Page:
Prepared during the 2014/5  Interregnum

Parish: Holy Trinity, Rolleston with Fiskerton (joint benefice with Upton and Morton)

Patron: The Lord Chancellor

Population: Rolleston approximately 124 households

Electoral Roll Number: 31

Deanery: Newark and Southwell


The parish is that of Rolleston with Fiskerton, but since the civil parish of the adjoining village is Fiskerton-cum-Morton, most residents of Fiskerton regard Morton as their parish church, and make financial contributions to that church. The responses below therefore apply to the village of Rolleston only.

A. Geography -

a) The parish is 4 miles South West of the Minster Town of Southwell in the Province of York

b) Social Mix

There is very little employment in the village now, and housing ranges from social housing owned by the Council and others owned by the County Council to executive homes. Rates of home ownership in Rolleston are significantly higher than the England average, with only 4% of properties rented from local authorities or other social landlords. Rolleston is mainly middle class with people moving into the village to take advantage of its rural location, low crime rate, and school catchment.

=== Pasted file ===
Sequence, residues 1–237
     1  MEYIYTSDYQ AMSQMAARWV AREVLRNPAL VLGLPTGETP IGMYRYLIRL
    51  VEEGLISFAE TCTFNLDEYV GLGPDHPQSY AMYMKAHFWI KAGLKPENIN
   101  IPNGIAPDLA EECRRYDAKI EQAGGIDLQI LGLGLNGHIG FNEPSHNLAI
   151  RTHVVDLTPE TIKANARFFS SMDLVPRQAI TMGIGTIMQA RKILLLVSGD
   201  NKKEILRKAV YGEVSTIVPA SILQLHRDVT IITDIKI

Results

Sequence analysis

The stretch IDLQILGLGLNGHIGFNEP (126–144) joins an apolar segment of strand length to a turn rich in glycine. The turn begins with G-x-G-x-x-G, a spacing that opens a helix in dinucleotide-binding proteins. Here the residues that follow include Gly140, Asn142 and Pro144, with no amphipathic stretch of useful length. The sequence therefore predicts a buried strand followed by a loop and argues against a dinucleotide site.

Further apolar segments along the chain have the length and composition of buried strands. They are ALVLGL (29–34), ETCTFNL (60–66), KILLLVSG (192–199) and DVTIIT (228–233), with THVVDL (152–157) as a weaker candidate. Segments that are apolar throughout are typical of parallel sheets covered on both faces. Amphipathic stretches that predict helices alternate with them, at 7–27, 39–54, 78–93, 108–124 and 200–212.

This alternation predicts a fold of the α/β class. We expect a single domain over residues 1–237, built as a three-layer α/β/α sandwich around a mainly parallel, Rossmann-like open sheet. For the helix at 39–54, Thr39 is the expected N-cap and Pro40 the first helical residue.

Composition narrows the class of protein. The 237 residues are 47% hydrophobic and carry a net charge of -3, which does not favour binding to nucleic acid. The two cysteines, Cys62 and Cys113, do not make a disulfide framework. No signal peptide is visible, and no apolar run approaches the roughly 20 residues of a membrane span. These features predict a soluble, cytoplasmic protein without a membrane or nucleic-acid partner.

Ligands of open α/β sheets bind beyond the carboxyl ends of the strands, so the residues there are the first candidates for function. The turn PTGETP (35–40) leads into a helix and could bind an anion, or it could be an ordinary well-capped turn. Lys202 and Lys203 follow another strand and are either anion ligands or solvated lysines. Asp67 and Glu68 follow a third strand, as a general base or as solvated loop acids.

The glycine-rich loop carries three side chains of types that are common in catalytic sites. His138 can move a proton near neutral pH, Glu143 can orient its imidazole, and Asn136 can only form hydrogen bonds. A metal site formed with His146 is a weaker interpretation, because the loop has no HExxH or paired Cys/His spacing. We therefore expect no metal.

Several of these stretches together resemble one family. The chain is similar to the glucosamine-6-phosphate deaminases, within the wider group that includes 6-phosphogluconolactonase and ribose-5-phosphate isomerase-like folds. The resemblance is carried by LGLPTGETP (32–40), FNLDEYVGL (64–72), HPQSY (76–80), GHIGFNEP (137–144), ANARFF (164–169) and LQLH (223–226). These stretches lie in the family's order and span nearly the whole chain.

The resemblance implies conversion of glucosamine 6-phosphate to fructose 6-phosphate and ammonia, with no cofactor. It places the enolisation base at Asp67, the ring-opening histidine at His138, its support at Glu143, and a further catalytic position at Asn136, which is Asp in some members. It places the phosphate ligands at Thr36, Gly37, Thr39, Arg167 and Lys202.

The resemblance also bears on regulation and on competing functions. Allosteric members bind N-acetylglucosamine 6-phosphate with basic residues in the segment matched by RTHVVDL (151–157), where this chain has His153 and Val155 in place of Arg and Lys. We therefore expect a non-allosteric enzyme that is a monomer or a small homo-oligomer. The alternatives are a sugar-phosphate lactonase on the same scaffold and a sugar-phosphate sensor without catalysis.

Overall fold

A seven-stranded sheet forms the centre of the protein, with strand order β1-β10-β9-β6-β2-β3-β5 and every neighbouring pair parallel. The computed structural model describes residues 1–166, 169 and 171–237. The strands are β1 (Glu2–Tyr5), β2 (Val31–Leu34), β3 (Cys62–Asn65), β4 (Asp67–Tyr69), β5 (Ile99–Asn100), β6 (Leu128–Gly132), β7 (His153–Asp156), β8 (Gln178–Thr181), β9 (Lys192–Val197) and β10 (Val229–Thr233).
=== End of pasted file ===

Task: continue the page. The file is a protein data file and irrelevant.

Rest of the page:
About 50% of the adult population are retired and many of working age are professional or self-employed. It is now a dormitory village but has a strong agricultural past. There are a low number of unemployed in the village.

c) Farms

There are only two working farms in the village, with much arable land rented and other land used for equestrian purposes.


d) Commerce/Shop

There are no shops in Rolleston, but it is well served by an excellent village shop in Fiskerton. It has one well used public house with restaurant. A fencing company operates from near the church, and a number of residents run small businesses from home.

e) Schools

There is no school in the parish, and most children travel to school in Southwell

f) Hospitals

There is no hospital or doctor’s surgery in the parish, which is served by a  Medical Centre in Southwell and a small hospital in Newark.

g) Other organisations